Trump trails Liz Cheney for 2024 in surprising new red state poll

A surprising new poll from Republican stronghold Utah signals trouble ahead for Donald Trump - with voters favouring Liz Cheney over the former president for 2024.

According to a recent poll, Republican voters in Utah - who overwhelmingly supported Mr Trump in both 2016 and 2020 - are beginning to pin their hopes on two of his most avowed rivals: outgoing Wisconsin Rep Cheney and Florida Governor Ron DeSantis.

In the poll by Deseret News/Hinckley Institute of Politics, Republican respondents had the one-term president finishing third among a field of potential 2024 GOP presidential candidates, a result that has been echoed in recent surveys of both Democratic and Republican voters, showing the hold that the “Make America Great Again” president has on the GOP might indeed be slipping.

In the poll, Rep Cheney, who has built her brand of politics over the last few years around taking swipes at the twice impeached president for his conduct inside and outside the Oval Office, placed second as she picked up 16.4 per cent support from Utah GOP primary voters.

Gov DeSantis, a likely challenger for Mr Trump on the GOP ticket in 2024, came in first with 24.2 per cent – nearly double the support that the one-term president had among Utahns, as it found that if the Republican presidential primary were held today, only 14.4 per cent would cast their ballot for Mr Trump.

More damning than that, however, was the result from the survey which found that overall, around six out of 10 Utahns have an unfavourable impression of the former president, with those favourability scores ticking up only slightly for registered Republican voters.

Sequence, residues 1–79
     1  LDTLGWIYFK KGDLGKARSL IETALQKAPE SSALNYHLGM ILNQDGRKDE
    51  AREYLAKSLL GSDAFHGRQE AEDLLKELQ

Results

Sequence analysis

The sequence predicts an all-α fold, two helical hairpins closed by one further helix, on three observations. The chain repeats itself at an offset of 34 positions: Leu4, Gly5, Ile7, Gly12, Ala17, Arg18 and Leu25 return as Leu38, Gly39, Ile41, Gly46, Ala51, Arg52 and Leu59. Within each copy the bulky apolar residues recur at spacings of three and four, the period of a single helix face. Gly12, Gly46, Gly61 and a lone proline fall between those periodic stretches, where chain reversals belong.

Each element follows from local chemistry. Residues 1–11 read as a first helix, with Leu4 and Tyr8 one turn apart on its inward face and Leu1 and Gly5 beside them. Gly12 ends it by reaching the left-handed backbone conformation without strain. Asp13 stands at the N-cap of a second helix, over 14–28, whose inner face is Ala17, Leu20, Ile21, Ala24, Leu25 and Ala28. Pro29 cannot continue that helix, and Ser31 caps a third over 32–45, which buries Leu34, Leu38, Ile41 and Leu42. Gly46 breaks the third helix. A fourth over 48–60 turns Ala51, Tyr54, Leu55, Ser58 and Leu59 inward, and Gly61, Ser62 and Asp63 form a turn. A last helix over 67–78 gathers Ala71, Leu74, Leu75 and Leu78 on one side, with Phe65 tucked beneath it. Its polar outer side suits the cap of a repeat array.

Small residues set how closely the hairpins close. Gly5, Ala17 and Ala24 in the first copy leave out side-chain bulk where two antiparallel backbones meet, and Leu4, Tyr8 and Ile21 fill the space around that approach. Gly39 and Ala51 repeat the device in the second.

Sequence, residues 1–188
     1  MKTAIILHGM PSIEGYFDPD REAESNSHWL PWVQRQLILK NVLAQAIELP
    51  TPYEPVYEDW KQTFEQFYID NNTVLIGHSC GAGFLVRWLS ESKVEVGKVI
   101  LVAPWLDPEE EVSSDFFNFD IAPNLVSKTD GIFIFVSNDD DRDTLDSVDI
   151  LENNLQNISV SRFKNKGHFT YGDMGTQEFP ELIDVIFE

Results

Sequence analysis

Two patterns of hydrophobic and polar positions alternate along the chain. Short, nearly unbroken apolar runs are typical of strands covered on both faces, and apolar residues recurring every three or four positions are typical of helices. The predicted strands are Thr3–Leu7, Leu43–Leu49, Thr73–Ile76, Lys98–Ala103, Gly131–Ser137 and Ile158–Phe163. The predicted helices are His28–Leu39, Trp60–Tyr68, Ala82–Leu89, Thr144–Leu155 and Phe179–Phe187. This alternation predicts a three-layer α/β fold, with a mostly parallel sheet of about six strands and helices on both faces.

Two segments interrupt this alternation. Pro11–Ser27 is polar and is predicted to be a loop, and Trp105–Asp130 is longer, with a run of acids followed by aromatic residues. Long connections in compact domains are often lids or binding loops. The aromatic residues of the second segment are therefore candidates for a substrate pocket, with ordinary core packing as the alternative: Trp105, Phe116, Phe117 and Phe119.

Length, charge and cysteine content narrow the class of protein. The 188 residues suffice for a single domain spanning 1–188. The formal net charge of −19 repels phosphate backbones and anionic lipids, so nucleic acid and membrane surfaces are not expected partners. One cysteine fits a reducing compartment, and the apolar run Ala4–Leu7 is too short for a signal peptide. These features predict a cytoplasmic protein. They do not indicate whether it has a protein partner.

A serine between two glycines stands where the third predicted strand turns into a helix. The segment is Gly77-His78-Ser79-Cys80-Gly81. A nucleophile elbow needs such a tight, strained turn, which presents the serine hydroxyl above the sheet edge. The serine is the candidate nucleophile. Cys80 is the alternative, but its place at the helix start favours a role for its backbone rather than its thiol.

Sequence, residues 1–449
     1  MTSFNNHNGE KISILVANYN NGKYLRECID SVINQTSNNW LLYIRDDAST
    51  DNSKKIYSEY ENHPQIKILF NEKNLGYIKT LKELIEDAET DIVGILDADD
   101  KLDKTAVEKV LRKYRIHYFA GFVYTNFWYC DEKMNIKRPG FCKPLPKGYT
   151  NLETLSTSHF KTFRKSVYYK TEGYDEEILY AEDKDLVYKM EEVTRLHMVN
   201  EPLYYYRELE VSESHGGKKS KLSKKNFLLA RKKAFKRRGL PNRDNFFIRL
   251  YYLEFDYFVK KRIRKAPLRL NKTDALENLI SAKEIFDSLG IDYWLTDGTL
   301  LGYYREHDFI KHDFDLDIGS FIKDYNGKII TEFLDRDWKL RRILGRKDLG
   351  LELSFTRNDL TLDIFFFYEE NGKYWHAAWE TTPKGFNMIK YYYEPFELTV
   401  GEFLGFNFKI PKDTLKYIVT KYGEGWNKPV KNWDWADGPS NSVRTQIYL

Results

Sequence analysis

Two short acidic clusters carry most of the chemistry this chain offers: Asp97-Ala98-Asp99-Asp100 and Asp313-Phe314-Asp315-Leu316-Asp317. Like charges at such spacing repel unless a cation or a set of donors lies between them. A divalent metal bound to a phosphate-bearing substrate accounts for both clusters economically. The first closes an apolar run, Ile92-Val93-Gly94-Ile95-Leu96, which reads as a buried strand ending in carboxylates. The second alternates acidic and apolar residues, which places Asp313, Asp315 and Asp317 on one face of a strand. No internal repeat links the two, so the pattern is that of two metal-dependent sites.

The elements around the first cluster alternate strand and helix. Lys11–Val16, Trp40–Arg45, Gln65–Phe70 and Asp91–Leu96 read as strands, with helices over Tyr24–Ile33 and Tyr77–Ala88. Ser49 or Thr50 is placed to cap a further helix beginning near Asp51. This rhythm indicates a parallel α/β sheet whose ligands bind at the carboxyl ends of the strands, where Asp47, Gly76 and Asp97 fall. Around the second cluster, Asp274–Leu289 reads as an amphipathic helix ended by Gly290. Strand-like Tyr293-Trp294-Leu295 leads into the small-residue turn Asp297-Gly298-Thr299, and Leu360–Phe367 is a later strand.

Mr Trump announced his candidacy for the White House for a third time last month from his home in Mar-a-Lago. That announcement came with great pomp and circumstance out the Trump camp but was largely overshadowed by the failure of a so-called “red wave” to materialise during the November midterms, a poor showing that some of his GOP peers believed he was, at least in part, responsible for.

Indeed, a poll released by WPA Intelligence last week, which polled 1,160 registered voters in America, confirmed as much when it found that a full 64 per cent of all voters — including 60 per cent of those who voted for Republicans last month — blame the ex-president for the poor showing by GOP candidates in the midterms. Among voters who said they split their tickets by voting for a GOP governor and a Democratic senatorial candidate (or visa-versa), Mr Trump’s favourability rating is an extremely low -64 per cent.

The signifiers from that poll last week also hint that Mr Trump’s favourability with old school Republicans may be fading, as nearly a full third of voters who turned out for Republican candidates last month view him unfavourably now, which includes 33 per cent of self-described “Reagan Republicans” or “Traditional Republicans” as well as 34 per cent of Fox News viewers.

Of those self-described “traditional” or “Reagan” GOP voters, about half said it’s time for Mr Trump to stand down as de facto leader of the GOP. Among all Republican voters, that number is slightly fewer at 40 per cent, but it still represents a significant number of GOP voters and the most opposed to Mr Trump since he won the presidency in 2016.

Other names that have been thrown in the hat for a potential run on the Republican ticket in 2024 who ranked in the Deseret News poll include the ex-president’s former running mate, Mike Pence, who polled at 6 per cent with Republican voters alongside Texas Sen Ted Cruz. Former UN

Ambassador Nikki Haley came in at 3.7 per cent, while 20.7 per cent of respondents said they didn’t know who they would vote for and 8.5 per cent would choose another candidate.